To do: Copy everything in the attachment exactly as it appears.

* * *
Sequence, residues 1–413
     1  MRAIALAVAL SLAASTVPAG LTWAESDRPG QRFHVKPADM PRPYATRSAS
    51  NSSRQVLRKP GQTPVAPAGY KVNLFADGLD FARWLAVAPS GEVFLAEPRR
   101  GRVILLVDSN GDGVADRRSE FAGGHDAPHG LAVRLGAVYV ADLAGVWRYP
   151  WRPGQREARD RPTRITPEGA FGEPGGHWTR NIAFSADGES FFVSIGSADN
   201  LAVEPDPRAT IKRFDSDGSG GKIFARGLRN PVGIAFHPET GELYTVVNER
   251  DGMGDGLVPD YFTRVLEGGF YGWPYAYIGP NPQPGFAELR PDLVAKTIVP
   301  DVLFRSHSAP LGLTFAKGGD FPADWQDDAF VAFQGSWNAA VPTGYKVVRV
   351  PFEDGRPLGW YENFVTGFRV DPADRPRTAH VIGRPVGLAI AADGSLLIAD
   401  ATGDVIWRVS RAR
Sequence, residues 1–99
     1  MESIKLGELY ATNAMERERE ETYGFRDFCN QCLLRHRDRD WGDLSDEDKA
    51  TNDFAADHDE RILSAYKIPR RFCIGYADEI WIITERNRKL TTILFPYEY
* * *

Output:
Sequence, residues 1–413
     1  MRAIALAVAL SLAASTVPAG LTWAESDRPG QRFHVKPADM PRPYATRSAS
    51  NSSRQVLRKP GQTPVAPAGY KVNLFADGLD FARWLAVAPS GEVFLAEPRR
   101  GRVILLVDSN GDGVADRRSE FAGGHDAPHG LAVRLGAVYV ADLAGVWRYP
   151  WRPGQREARD RPTRITPEGA FGEPGGHWTR NIAFSADGES FFVSIGSADN
   201  LAVEPDPRAT IKRFDSDGSG GKIFARGLRN PVGIAFHPET GELYTVVNER
   251  DGMGDGLVPD YFTRVLEGGF YGWPYAYIGP NPQPGFAELR PDLVAKTIVP
   301  DVLFRSHSAP LGLTFAKGGD FPADWQDDAF VAFQGSWNAA VPTGYKVVRV
   351  PFEDGRPLGW YENFVTGFRV DPADRPRTAH VIGRPVGLAI AADGSLLIAD
   401  ATGDVIWRVS RAR
Sequence, residues 1–99
     1  MESIKLGELY ATNAMERERE ETYGFRDFCN QCLLRHRDRD WGDLSDEDKA
    51  TNDFAADHDE RILSAYKIPR RFCIGYADEI WIITERNRKL TTILFPYEY